Blackfriars Crown Court

Blackfriars Crown Court, a former law court, will be redeveloped by Fabrix. The building has been rebranded as Roots in the Sky to reflect its focus on sustainability, wellbeing and the provision green spaces for both public and private use.

Blackfriars Crown Court, a former law court comprising of 139,500 sq ft arranged over basement, ground and two upper floors was purchased in Q1 2020 by Fabrix. Since acquisition, the building has been rebranded as Roots in the Sky to reflect its focus on sustainability, wellbeing and the provision green spaces for both public and private use. In particular the name relates to the garden rooftop which with a +20% canopy cover over the whole building will classify as a forest.
Following completion of the acquisition in February 2020, a planning application for change of use from its existing court use (D1) to office (B1) was successfully achieved in June 2020. Subsequently a further planning permission was submitted for part demolition of the building and extension of the existing building to create 270,000 sq ft across ground plus 6 storeys. The scheme will create mixed-use destination of office, retail, restaurant and leisure spaces as well as a rooftop. The building will have best in class environmental and wellbeing accreditations including BREEAM outstanding and WELL gold.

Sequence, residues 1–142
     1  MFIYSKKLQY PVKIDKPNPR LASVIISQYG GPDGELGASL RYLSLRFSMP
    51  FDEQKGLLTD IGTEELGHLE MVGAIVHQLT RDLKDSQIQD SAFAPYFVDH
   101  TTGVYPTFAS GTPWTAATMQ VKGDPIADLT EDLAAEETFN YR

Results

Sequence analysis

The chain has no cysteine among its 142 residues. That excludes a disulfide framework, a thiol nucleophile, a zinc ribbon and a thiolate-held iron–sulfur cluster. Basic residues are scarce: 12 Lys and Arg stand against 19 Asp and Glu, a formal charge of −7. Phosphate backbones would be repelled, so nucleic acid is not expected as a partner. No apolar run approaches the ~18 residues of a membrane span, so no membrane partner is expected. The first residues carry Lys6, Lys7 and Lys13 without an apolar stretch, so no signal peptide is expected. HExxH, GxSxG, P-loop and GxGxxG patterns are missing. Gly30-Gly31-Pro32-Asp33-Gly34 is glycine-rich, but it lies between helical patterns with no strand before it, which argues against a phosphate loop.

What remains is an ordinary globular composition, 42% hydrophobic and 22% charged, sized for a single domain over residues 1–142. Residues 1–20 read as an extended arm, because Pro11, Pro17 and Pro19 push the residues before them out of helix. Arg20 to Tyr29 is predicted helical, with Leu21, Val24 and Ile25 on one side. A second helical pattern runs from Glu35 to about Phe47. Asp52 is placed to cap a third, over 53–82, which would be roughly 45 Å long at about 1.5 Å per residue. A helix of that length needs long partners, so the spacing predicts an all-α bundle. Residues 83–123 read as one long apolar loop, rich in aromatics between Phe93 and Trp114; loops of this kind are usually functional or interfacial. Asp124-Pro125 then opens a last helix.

A key element of the development has been a focus on providing meaningful and lasting positive impact on the local area. The creation of a free to use public garden on the rooftop overlooking the city of London has been designed to deliver community driven projects, particularly focussing on gardening and education, and features a free to book Barn for events. Following substantial research and public consultation with local community groups and charities an auditorium will be delivered on the ground floor designed specifically to meet the requirements of these groups and to address the lack of available high-quality community spaces in the area.
You can see more information on Fabrix’s website and the Southwark Council planning documents.